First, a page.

Tools you will need to build your brand new bike:
- Allen keys – 4,5 and 6mm or a multitool
- Screwdriver – flat head and phillips
- Spanner – 15mm
Unpack your bike
When you get your bike, it will come in a large box with packaging attached to key areas.
Take the bike out of the box carefully and stand the bike on the ground. Check the box for an accessories box that will have your pedals and manuals inside.
Using the scissors, cut the cables ties and remove them from the bike.
Next, take the foam and bubble wrap off the bike and place it in the box the bike arrived in.
Once all the packaging has been removed you can now start the assembly process.
The bike assembly process is split into 4 parts:
- Front wheel
- Seat post
Install the front wheel
Before you put the front wheel into the bike make sure it is facing the right direction.
You can always make sure by 2 things:
Check the tyre tread is facing the right way, so the arrow is going in the way you are traveling. Or by looking at the sidewall of the tyre for a direction arrow.
Identify which type of axle you have:
If the wheels are bolted, unscrew the nuts on the ends.
If the wheel is quick-release undo the skewer enough to allow you to get it into the forks, it will be easier if you don’t take the skewer all the way out.
If the axle is a “thru-axle” unscrew it from the forks and place the wheel in the forks, when the wheel is lined up properly you can now insert the axle through the forks and wheel and tighten.
MAKE SURE THE WHEEL IS IN THE FORK DROPOUT CORRECTLY AND IS STRAIGHT IN THE FORKS.
Check which type of brakes you have
When you put in the front wheel check out these little tips to help you out.
If you have disc brakes make sure the wheel is the right way round with the disc on the side of the caliper and make sure the disc slots in the caliper correctly.
If you have V-brakes, uncouple the brakes by holding the caliper arms and squeezing, this releases the cable and allows you to out the wheel in easier.
When you put the wheel back in pull the caliper arms together and slot the little silver mushroom-shaped part through the gap and make sure it sits firmly in place.
If you have a road bike with caliper brakes use the small lever to the left-hand side and flip it up, this loosens the brakes so you can get the wheel in easier. Make sure to flip it back down when you’ve put it in the wheel.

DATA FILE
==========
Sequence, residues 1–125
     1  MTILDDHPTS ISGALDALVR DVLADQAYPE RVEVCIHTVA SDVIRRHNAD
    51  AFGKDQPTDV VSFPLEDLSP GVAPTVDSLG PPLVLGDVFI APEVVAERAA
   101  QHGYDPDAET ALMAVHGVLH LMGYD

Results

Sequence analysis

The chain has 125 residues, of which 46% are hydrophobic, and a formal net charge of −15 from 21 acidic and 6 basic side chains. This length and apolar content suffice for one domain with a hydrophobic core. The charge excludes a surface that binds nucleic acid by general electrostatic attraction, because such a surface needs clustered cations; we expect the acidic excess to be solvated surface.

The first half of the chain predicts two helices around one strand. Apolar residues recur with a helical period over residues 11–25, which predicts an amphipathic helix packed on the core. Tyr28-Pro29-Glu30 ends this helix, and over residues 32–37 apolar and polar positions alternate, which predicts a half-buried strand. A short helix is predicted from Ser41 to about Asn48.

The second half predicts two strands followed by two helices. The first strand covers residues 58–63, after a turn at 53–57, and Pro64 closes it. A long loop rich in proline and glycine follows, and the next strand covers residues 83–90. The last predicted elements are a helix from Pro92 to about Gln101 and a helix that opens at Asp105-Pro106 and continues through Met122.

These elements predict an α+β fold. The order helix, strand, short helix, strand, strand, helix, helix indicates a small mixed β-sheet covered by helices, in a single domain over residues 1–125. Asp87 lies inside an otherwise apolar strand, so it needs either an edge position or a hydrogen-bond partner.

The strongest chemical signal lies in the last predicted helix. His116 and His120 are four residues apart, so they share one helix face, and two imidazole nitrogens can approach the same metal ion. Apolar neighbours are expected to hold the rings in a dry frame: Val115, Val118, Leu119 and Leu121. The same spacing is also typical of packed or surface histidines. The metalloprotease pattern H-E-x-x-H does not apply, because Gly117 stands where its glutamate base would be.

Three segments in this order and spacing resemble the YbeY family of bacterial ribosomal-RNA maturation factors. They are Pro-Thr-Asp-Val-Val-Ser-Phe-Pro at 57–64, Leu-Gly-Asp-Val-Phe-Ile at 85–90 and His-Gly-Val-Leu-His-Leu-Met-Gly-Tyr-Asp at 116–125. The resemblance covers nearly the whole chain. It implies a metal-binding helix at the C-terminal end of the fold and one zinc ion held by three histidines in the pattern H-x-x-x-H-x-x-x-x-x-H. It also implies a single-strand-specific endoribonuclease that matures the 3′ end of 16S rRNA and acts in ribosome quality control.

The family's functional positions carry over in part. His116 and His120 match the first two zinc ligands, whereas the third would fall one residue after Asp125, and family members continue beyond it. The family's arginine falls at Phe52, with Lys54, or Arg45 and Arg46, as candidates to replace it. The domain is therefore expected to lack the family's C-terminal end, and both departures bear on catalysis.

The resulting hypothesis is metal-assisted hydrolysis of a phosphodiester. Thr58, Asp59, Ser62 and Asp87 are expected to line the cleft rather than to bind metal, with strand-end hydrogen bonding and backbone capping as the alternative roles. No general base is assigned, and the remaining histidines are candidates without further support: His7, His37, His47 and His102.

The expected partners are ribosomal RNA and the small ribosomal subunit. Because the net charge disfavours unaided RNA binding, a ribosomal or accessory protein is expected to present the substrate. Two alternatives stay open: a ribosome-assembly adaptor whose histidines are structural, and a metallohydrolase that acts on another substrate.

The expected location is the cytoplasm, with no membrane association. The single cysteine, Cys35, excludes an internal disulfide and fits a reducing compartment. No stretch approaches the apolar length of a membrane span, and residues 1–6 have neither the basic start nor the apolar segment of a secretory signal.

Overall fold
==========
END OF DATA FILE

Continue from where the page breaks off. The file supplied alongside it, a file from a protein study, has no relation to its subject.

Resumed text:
Put the bolts back into the holes that they came from and tighten down so that there is an even gap between the stem and faceplate.
Sometimes, especially on road bikes, the handlebars may be rotated for transit and need to be rotated to the correct riding position.
Loosen the bolts on the stem faceplate so that you can rotate the bars. Rotate the handlebars to the correct position.
For road bike drop bars, the top part of the drops behind the brake lever should be parallel to the ground
Flat handlebars are usually positioned correctly (with a slight rise and back-sweep) although you can rotate them slightly to find the most comfortable hand position.
Tighten the faceplate bolts gradually in a figure of eight patterns (across) to ensure you get even tension on all sides. Tighten the bolts until the bars are secure – torque settings are usually printed on the stem 4-7NM
Fitting your pedals
Pedals are left/right specific. Failure to follow these instructions may cause damage and invalidate your guarantee.
Identify the left and right pedals:
Identify the left and right cranks – The side with the chain and gears is the right-hand side
Look for the letter L or R stamped on the end of the axle or on the pedal body. It is important to identify the pedals correctly as the Left pedal has an anti-clockwise thread that will only fit on the Left crank while the Right pedal has a clockwise thread and will only fit on the Right crank.
Put the pedal in slightly first, then turn the axle so that you tighten it into the pedal thread. If you have the correct pedal, this should go in easily.
By doing this by hand to start with you avoid damaging the thread. If you notice excessive resistance check that you have identified the pedals and crank arms correctly and try again. A small amount of grease should be applied to the pedal threads in the crank arm, this should already be applied by us during the PDI process
Once you have tightened the pedals as much as you can by hand use the 15mm spanner and tighten them further. When installed correctly, pedals are self-tightening, so you only need to tighten them with the spanner until you feel resistance (or to a torque setting if specified).
NOT FOLLOWING THESE INSTRUCTIONS COULD RESULT IN THE PEDAL PULLING OUT OF THE CRANK WHILE RIDING, WHICH WILL REQUIRE A REPLACEMENT CRANK: WHICH IS NOT COVERED UNDER ANY WARRANTY.
The seat post is fitted during the PDI process and will have either grease or fibre grip on it. Do not clean this off yet as it is used to stop the seat post from becoming stuck.
Place the seat post in the bike and push down gently.
On the seat post, you will have a minimum insertion line. Make sure this is hidden in the frame before you tighten the seat clamp.
Tighten the seat clamp until you feel resistance 4-7NM. Some clamps will have a torque setting and should be adhered to.
Inflate your tyres
Tyres should already be pumped up, but it is always good to check to make sure they are pumped up correctly.
Make sure your pump is set to the correct setting before you start pumping.
Check the side of the tyre to find the minimum and maximum pressure of the tyre.
It should say “Maximum Pressure –PSI” or “Minimum Pressure –PSI”. This is the max and minimum and should not be exceeded.
Your Bike Is Now Ready To Ride and we hope you enjoy it.
Carry out a final preliminary check to ensure your bike is safe to ride – especially pulling the brakes hard as these are the things that stop you.
If you have any issues or problems, please contact the store HERE